USDA implements new storage loan provisions
WILLMAR -- In accordance with the 2008 farm bill, the U.S. Department of Agriculture is implementing new provisions that will allow producers of eligible commodities to obtain low-interest financing to build or upgrade farm storage and handling facilities.
The new provisions, which went into effect on Aug. 17, will either amend or supplement the Farm Storage Facility Loan program that is administered by USDA's Farm Service Agency.
The key program provisions that were amended include: an increase in maximum loan amounts; the availability of extended loan terms; and an expanded list of commodities and crops that will qualify for the program.
Previously, the maximum loan amount, including the remaining balance on any other outstanding Farm Storage Facility loans, was limited to $100,000. Under the new provisions, the maximum loan amount was increased to $500,000.
As in the past, any loans in excess of $50,000 will require additional security. The additional security can consist of either a first lien on the underlying real estate or another form of security, such as a guaranteed line of credit that meets the approval of USDA.
Also unchanged was the requirement that borrowers provide a down payment of 15 percent, with USDA providing a loan for the remaining 85 percent of the net cost of the eligible storage facility, permanent grain drying equipment or grain handling equipment. However, if the borrower provides a down payment of 20 percent, a severance agreement would not be needed for loans that require a real estate lien.
Previously, loan terms were limited to a maximum of 7 years. Under the new provisions, loan terms of 7, 10 or 12 years are available depending on the amount of the loan. However, the interest rate in effect for each term may be different, based on the rate at which USDA borrows from the Treasury Department.
The new farm bill also expanded the list of Farm Storage Facility Loan eligible commodities. In addition to the typical grain crops of corn, soybeans and small grains, the list of eligible commodities now includes hay, fruit and vegetable crops, and a wide variety of renewable biomass crops.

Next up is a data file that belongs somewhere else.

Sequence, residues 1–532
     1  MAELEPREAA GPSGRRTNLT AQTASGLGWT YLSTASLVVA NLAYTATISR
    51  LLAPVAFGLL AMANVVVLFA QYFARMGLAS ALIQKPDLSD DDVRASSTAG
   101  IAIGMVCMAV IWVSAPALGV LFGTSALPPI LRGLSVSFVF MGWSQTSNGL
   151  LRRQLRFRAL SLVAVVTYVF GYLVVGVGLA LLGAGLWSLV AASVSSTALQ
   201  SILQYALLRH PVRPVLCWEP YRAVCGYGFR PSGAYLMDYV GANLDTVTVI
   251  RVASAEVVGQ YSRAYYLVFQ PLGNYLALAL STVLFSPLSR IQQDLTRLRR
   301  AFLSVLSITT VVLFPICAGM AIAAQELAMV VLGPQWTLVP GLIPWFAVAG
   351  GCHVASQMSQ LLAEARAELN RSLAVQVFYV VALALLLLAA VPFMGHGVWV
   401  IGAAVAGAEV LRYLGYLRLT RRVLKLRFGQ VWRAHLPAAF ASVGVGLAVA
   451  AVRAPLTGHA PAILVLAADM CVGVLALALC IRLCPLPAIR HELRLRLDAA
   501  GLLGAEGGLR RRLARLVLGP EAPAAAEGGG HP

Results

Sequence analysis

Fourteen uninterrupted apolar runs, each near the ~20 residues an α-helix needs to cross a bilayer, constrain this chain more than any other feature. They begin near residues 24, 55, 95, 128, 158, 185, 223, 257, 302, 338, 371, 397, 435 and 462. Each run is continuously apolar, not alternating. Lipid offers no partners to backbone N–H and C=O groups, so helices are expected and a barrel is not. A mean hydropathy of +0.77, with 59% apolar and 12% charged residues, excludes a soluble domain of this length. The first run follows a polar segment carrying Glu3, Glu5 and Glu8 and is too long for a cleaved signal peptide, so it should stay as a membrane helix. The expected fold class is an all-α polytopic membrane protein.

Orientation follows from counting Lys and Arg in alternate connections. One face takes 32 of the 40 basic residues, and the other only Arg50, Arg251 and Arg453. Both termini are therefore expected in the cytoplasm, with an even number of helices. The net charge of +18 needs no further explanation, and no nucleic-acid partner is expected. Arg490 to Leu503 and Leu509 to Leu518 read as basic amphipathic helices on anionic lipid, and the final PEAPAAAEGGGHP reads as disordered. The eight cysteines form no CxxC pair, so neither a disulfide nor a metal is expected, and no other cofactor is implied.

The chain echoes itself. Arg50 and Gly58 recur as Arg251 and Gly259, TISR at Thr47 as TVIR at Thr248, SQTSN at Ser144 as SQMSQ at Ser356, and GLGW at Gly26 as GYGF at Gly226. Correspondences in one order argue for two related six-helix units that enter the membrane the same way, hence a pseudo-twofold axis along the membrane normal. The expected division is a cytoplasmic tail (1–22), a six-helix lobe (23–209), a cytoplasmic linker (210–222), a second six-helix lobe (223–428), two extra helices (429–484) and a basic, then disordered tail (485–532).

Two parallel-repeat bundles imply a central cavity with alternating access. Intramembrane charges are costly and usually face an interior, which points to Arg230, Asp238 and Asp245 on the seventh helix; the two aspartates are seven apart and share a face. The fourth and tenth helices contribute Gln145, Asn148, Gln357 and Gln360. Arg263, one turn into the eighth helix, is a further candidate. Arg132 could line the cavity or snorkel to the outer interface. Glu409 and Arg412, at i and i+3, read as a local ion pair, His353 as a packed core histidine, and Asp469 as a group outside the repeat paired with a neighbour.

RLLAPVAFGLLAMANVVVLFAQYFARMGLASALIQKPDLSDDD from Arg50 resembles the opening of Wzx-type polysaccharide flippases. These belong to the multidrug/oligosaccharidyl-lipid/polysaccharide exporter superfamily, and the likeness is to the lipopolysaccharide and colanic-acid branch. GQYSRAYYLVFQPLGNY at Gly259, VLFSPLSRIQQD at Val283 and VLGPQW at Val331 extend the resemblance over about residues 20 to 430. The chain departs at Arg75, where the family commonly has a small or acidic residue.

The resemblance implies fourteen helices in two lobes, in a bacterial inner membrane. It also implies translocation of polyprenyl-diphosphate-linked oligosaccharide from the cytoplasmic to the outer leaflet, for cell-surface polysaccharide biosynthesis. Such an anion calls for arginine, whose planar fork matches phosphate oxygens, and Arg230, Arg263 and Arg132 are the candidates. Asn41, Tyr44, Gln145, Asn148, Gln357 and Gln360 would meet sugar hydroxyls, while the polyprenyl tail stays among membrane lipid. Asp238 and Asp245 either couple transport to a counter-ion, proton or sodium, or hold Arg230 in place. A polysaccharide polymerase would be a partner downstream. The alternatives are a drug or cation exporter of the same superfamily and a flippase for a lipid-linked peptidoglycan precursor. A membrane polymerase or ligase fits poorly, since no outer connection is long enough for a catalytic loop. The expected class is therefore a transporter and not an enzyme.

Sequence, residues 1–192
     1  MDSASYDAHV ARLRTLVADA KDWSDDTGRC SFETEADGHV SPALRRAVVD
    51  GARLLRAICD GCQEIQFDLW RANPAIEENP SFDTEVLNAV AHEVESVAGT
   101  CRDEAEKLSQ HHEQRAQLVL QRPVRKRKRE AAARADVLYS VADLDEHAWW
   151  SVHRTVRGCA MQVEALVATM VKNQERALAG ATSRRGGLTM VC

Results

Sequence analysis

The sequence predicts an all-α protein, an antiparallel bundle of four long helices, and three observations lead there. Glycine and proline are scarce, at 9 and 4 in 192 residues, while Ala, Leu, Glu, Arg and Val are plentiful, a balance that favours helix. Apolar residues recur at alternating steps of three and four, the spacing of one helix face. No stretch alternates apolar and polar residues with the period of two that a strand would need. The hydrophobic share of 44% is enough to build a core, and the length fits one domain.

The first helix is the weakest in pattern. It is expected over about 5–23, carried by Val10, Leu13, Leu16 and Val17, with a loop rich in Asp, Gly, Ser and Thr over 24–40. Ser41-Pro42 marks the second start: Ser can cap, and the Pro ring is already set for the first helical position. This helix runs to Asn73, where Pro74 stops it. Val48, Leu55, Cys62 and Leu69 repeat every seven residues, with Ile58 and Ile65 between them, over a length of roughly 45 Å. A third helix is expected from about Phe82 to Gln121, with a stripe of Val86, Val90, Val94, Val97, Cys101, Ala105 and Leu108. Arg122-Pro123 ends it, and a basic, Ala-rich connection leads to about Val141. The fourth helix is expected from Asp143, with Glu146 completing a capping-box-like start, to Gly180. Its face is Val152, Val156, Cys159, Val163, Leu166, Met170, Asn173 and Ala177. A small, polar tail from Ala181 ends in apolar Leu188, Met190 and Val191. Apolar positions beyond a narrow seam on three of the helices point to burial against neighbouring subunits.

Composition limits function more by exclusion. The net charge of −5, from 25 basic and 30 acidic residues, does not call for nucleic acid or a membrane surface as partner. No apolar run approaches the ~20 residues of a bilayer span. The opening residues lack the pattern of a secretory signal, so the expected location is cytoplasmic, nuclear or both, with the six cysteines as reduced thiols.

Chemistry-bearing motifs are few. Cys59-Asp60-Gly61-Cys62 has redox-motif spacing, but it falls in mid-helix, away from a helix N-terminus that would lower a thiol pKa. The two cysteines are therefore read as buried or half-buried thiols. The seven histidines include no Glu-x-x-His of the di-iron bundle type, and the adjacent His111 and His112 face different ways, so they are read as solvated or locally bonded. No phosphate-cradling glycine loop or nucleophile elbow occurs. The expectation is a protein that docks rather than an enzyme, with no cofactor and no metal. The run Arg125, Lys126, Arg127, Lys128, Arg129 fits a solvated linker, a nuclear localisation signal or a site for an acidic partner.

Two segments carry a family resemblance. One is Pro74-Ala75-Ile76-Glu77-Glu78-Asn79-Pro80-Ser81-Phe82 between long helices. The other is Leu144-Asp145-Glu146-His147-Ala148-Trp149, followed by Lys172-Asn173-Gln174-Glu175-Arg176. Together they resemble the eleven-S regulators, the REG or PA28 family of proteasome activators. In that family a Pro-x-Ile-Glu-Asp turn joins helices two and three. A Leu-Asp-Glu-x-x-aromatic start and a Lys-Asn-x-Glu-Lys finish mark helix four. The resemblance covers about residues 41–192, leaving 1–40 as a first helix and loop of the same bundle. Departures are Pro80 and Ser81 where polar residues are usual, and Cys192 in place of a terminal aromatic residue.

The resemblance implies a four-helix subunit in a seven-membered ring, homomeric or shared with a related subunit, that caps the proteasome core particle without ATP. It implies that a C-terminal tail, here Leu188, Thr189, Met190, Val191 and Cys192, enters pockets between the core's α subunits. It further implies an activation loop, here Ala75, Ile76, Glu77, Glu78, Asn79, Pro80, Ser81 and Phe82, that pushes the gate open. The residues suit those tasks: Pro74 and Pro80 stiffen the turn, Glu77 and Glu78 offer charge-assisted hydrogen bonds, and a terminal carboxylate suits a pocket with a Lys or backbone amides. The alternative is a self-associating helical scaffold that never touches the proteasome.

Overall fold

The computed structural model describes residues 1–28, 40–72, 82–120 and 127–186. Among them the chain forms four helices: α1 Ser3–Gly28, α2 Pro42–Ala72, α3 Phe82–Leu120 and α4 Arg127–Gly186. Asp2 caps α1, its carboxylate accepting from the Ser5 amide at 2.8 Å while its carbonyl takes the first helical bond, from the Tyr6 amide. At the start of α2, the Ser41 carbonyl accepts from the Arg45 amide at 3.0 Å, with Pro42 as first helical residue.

Also new is a provision that will allow for a partial disbursement of loan proceeds. The partial disbursement will be available after a portion of the construction has been completed, with a final disbursement once all construction is completed.
The amount of the partial disbursement cannot exceed 50 percent of the approved loan amount.
Applications for the program will be accepted at the FSA county office that maintains the applicant's farm records. Producers will need to submit a nonrefundable $100 application fee at time of application.
Applications must be submitted and loan approval received before any site preparation or construction can begin.
FSA payments subject to Treasury Offset Program
Producers should be aware of several changes that have been implemented for payments issued via direct deposit by USDA's Farm Service Agency.
To be compliant with the Debt Collection Improvement Act of 1996, all FSA payments will be processed through the Treasury Offset Program. This will allow the government to offset any delinquent federal debt.
This new process will result in a delay in the receiving of direct deposit payments by one business day.
If the Treasury Offset Program database finds a match for a taxpayer identification number and name, the payment will be offset for the delinquent debt. The U.S. Treasury Department will notify the payment recipient of any offsets taken for debts due other agencies.
Recipients of FSA direct deposit payments will also notice a change in the payment description provided on their bank accounts and bank statements. Previously, the description on the payee's bank statement read "USDA-FSAKCMOCDSP." The new description will now read, "FSA TREAS 310."
USDA and DOJto host public workshops
Officials from the U.S. Department of Agriculture and the Department of Justice have announced that they will host joint public workshops to explore competition issues affecting the agriculture industry, and the appropriate role for antitrust and regulatory enforcement in the industry. These will be the first joint USDA/DOJ workshops ever held to discuss competition and regulatory issues in the agriculture industry.
The workshops will address the dynamics of competition in agricultural markets including, among other things, buyer power and vertical integration. In addition, the hearings will provide farmers, ranchers, consumer groups, processors and agribusinesses with the opportunity to provide examples of potentially anticompetitive conduct.
The first workshop will be held in early 2010. While some of the workshops may be held in Washington, D.C., others will be held regionally. Additional information about the date, time and location of the workshops will be provided at a later date.
Wes Nelson is executive director of the USDA Farm Service Agency in Kandiyohi County.